In the latest twist in the strange saga of Bishop Sycamore, the football team’s new head coach said Monday that the self-proclaimed high school is not, in fact, an actual school.
Tyren Jackson, who identifies himself on social media as the new head coach at Bishop Sycamore, told WCMH-TV in Columbus that he believed a “mistake on paperwork” had resulted in a “misconception” that Bishop Sycamore High School is a school.
He described it instead as a “post-grad football academy.”
“We do not offer curriculum,” Jackson told the TV station. “We are not a school. That’s not what Bishop Sycamore is, and I think that’s what the biggest misconception about us was, and that was our fault. Because that was a mistake on paperwork.”
As of last year, Bishop Sycamore High School was registered as a non-chartered, non-tax supported school in Ohio.
In a report filed with the state’s department of education, Bishop Sycamore described itself as “a [sic] innovative academically accredited school” and “one of the best academic institutions in the country.” The report also features a bell schedule, academic misconduct policy, school year calendar and transcript template.
Bishop Sycamore has until Sept. 30 to file its annual report with the state for the 2021-22 school year. Jackson, who appears to have replaced the recently-fired Roy Johnson as the team’s head coach, told WCMH-TV that it does not intend to do so.
Ohio Gov. Mike DeWine has asked the department of education to investigate Bishop Sycamore and ensure it is meeting minimum academic standards and following the law.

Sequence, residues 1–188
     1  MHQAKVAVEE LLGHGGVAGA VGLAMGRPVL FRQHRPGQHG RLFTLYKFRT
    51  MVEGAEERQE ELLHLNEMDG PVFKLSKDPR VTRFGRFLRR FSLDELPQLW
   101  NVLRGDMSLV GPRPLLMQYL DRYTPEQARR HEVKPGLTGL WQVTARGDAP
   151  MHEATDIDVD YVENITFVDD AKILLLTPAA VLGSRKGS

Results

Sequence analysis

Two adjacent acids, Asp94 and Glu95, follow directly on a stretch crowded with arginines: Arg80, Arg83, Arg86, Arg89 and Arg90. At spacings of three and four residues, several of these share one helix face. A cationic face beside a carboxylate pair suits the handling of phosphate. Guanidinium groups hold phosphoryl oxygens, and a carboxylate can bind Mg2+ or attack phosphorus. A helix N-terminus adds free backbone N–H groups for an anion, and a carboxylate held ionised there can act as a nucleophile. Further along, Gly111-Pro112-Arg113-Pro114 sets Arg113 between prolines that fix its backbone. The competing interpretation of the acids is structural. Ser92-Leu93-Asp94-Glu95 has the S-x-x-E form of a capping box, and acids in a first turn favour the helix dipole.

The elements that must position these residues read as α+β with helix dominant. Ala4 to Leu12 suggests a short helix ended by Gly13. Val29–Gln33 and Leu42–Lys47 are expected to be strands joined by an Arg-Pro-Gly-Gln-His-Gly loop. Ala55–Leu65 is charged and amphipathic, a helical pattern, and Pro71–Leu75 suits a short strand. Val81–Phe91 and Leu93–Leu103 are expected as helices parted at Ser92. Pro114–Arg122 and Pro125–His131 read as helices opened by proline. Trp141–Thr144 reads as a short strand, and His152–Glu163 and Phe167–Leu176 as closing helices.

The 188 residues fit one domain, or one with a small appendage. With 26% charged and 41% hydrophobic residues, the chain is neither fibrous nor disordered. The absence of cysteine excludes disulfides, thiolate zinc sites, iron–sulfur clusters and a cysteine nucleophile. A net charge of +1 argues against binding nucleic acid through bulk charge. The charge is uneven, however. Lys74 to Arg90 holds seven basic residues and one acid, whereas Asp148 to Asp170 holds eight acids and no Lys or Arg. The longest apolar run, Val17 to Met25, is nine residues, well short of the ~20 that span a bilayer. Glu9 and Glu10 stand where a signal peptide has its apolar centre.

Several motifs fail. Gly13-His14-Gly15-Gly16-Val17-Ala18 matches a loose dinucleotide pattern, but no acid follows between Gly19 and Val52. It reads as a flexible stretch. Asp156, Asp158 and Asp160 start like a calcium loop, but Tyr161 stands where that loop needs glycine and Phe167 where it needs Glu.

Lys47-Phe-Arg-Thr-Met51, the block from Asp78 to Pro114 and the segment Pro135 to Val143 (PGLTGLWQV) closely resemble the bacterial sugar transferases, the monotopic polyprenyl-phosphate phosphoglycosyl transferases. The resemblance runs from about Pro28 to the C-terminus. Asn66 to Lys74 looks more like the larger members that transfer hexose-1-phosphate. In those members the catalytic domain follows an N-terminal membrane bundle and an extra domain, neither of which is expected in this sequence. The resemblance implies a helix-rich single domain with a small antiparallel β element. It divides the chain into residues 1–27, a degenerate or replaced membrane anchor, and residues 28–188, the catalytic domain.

Jackson’s comments come less than a week after Bishop Sycamore’s founder and director, Andre Peterson, vigorously defended the school’s credentials to USA TODAY Sports and other media outlets.
Peterson told USA TODAY Sports last Tuesday that Bishop Sycamore is “not a scam” and has spoken repeatedly about a need to simply update the school’s web site, which was taken down last week. He said the school had “between 75 and 80 students” and that tuition costs $2,000.
“If it’s a scam and the kids are not going to school and not doing what they’re supposed to do, then I’m literally scamming myself. And most importantly, I’m hurting my own son,” Peterson said last week. “So when people say stuff like that … I would literally be taking my son’s future and throwing it in the trash.”
“We have to make sure that website also includes the academic part of it. There’s things that you learn. There’s growing pains that you have. We realized that’s an issue.”
Peterson had not responded to repeated messages from USA TODAY Sports since early last week. He did not immediately reply to an email Monday night.
Bishop Sycamore has been under scrutiny after it played IMG Academy in a nationally-televised game on ESPN, losing 58-0. During the broadcast, ESPN’s commentators openly wondered if the network had been deceived by Bishop Sycamore, which had claimed it had multiple Division I prospects on its roster.